Readers might recall the story of Wandojo Siswanto, ‘Advisor’ to the Ministry of Forestry, Indonesia and Indonesia’s lead negotiator at the Copenhagen UN conference, who was a ‘key architect of REDD’ in Indonesia.
When we last left off (December last year), Wandojo was arrested and stood trial for a deal his division was involved in – the buying of Motorola communication handsets from a company PT Masaro for the Indonesian ministry, where it was alleged that he had recieved a $10,000 bribe.
About ten days ago, Wandojo was found guilty of the crime and sentenced to 3 years in prison on charges of graft. Wandojo insists that he carried out the deal acting on orders from above, just as he did at the time of his arrest. It was he who turned over the $10,000 to the police, as well.
Incidentally, it is understood that Indonesia ‘lost’ $5.25 billion from to its Reforestation Fund during the period 1994-1998. It is unclear how many people have been arrested for this loss. Last September, the Jakarta Globe reported that the country’s anti-corruption organization KPK warned that the ‘billions of dollars’ that Indonesia would make yearly in ‘climate-change deals’, could be put at risk if it failed to ‘stamp out corruption in its forestry sector’.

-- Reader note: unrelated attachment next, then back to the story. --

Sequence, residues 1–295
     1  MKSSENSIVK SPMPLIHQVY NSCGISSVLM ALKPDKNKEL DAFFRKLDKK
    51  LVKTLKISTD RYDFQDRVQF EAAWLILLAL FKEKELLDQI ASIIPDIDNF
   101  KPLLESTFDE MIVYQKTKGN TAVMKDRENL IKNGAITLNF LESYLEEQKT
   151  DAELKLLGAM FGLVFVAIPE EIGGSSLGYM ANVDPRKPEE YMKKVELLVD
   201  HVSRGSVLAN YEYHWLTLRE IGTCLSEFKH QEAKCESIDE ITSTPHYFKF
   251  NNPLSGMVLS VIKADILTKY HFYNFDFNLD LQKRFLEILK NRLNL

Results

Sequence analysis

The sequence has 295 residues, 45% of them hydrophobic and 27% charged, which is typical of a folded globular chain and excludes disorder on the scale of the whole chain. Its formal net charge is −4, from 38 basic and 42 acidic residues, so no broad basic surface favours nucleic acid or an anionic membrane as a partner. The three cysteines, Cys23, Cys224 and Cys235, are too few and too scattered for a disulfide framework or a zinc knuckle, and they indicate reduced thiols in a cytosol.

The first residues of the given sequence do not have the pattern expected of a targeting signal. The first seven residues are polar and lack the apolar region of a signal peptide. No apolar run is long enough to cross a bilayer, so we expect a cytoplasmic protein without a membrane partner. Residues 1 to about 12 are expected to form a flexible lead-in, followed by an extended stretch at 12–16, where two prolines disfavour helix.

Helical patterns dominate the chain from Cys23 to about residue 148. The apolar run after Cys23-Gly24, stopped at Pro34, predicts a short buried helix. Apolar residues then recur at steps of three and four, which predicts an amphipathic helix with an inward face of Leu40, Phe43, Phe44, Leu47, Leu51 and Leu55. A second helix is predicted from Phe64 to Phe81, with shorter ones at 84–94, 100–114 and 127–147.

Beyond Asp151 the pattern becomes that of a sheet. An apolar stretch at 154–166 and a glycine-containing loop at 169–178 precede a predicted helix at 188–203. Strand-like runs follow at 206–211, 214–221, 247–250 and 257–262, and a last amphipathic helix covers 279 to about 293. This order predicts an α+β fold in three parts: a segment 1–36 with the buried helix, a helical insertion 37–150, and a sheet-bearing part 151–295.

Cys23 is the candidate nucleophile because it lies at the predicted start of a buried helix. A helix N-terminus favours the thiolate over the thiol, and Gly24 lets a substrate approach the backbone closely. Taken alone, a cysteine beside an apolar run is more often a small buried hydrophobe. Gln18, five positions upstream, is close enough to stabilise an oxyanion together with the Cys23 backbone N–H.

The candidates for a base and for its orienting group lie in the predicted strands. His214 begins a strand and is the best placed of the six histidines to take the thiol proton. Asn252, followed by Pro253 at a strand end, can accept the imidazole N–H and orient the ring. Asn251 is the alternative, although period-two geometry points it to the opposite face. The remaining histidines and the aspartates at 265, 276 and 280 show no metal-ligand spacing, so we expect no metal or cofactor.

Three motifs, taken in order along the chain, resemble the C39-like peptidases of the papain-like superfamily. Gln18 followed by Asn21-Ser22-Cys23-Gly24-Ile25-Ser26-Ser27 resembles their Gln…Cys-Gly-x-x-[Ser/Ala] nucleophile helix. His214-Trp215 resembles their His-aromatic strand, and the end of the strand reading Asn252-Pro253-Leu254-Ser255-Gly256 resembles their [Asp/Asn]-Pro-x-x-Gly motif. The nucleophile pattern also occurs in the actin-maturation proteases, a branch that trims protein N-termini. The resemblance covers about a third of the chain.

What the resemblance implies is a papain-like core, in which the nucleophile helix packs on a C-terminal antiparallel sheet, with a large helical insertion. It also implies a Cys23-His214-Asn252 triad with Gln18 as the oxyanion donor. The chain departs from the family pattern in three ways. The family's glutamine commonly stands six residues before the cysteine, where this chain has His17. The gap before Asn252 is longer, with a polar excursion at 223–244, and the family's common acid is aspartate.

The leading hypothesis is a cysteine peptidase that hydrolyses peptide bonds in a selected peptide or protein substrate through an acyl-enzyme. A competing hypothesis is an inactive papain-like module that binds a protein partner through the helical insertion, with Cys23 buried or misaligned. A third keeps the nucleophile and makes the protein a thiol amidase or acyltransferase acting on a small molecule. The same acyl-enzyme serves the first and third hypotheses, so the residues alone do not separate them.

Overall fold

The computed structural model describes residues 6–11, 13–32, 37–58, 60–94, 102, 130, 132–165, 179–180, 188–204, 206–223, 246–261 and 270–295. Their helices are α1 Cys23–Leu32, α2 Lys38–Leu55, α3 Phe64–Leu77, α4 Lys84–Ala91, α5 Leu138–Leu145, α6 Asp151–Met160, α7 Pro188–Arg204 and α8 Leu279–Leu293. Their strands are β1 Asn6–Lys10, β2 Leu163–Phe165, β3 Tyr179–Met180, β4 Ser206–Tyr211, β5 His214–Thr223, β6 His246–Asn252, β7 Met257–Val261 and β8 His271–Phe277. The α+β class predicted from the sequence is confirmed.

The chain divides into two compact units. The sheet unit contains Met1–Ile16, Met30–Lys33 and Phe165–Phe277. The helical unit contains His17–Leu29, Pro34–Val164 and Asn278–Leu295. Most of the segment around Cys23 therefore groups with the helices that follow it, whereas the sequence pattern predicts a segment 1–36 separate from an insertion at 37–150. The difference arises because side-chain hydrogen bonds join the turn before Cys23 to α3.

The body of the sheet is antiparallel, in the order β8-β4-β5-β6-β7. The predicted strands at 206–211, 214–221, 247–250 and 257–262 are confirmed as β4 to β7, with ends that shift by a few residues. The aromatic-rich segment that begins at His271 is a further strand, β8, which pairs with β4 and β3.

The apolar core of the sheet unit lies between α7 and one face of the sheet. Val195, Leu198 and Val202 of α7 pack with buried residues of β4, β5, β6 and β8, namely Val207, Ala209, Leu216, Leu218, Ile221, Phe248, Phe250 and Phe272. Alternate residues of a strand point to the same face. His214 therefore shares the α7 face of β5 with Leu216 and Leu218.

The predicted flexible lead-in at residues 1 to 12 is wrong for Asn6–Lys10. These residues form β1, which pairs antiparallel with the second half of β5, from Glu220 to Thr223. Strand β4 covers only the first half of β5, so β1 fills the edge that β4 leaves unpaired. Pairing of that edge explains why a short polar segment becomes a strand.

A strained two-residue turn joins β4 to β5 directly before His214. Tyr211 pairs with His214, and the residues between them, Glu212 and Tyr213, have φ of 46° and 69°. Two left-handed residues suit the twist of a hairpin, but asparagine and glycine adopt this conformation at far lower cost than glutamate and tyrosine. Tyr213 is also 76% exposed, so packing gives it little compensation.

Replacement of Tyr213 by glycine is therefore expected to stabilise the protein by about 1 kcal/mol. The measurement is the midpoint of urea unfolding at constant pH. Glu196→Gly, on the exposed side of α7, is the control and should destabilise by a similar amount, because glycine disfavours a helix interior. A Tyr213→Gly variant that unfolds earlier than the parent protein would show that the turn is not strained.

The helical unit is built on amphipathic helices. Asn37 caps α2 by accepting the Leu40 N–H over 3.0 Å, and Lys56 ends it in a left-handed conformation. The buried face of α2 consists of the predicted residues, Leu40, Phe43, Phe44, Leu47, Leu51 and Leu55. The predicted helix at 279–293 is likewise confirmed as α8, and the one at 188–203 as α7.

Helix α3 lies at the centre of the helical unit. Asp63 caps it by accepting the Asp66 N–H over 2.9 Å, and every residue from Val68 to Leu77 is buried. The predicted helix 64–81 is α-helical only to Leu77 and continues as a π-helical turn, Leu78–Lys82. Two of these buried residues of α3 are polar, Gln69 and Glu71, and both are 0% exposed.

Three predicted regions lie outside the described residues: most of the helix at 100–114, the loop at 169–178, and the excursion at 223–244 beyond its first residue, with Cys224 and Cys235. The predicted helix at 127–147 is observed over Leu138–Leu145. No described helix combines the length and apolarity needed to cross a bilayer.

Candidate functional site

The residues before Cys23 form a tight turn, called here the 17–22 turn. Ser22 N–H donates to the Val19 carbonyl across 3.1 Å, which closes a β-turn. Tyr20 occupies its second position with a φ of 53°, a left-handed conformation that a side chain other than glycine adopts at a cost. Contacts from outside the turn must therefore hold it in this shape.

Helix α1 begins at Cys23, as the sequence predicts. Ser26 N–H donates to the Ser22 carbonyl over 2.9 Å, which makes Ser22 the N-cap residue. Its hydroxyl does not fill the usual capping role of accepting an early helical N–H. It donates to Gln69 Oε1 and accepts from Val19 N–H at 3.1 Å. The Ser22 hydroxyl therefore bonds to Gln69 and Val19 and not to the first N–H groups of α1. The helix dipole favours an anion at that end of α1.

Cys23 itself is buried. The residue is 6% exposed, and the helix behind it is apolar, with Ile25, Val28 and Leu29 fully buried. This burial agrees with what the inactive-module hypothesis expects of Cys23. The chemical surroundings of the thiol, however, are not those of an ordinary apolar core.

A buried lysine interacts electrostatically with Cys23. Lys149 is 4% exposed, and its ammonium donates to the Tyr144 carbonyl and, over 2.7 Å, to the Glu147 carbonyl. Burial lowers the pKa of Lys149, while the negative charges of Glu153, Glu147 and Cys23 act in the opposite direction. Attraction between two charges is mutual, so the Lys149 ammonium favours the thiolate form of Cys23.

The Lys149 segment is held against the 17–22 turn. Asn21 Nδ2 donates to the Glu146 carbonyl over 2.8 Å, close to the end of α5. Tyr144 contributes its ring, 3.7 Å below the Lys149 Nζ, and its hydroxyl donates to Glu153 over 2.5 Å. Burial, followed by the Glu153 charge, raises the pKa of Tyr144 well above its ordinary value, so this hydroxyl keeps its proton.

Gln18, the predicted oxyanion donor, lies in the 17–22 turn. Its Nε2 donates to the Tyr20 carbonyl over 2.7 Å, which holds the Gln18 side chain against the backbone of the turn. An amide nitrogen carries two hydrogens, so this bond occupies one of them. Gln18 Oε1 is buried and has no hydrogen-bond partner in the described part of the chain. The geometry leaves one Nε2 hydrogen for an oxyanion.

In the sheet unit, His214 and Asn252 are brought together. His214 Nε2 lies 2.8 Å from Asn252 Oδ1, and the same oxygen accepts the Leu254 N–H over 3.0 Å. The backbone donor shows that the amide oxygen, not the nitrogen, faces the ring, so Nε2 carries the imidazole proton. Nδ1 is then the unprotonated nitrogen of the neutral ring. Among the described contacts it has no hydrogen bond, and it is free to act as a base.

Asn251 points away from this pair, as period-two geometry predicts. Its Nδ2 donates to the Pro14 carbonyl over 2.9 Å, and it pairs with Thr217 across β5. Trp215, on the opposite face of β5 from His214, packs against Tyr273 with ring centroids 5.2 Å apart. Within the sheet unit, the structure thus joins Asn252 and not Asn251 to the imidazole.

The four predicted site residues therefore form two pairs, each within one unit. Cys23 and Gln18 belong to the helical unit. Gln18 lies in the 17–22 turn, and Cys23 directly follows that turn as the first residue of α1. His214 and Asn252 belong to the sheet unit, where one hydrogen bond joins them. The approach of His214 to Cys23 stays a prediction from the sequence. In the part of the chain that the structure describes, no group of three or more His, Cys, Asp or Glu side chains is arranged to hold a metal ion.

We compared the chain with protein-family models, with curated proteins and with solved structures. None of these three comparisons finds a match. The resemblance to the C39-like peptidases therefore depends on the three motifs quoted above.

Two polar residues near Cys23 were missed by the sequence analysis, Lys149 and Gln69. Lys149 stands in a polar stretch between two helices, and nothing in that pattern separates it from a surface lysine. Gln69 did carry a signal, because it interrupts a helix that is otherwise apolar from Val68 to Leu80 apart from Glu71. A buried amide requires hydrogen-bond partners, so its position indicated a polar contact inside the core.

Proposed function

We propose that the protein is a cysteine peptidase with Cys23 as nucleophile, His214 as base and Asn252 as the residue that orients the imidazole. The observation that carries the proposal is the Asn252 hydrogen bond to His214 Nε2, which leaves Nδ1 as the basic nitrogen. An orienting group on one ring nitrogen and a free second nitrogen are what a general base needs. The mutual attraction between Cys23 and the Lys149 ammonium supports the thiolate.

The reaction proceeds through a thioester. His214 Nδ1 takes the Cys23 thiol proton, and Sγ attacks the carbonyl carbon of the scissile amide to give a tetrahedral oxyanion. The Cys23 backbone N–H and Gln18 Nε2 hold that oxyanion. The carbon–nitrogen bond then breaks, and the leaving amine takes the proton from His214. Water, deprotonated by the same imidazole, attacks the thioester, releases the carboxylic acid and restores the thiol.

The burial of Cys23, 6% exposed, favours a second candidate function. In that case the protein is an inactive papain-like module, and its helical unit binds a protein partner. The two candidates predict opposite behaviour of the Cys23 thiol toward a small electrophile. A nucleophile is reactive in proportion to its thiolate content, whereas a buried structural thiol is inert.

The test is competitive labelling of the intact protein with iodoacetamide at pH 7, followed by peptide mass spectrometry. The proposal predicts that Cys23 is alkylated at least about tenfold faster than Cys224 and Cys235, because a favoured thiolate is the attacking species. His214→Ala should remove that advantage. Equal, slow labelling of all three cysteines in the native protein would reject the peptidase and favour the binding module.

You hear that Todd Stern, the United States envoy at Cancun is being ‘obstructionist’ and that he is harping on and on about transparency.
In October last year, the Indonesian government warned regents and mayors who have jurisdiction over local REDD programs in that country. It asked them to ‘carefully review all carbon brokerage firms offering incentives such as huge financial benefits from the forestry sector for engaging in carbon trading’, according to this report in the the Jakarta Post.
Who was the person who issued the warning? Wandojo Siswanto, ‘Advisor’ to tne Ministry of Forestry, Indonesia and Indonesia’s lead negotiator at the Copenhagen UN conference.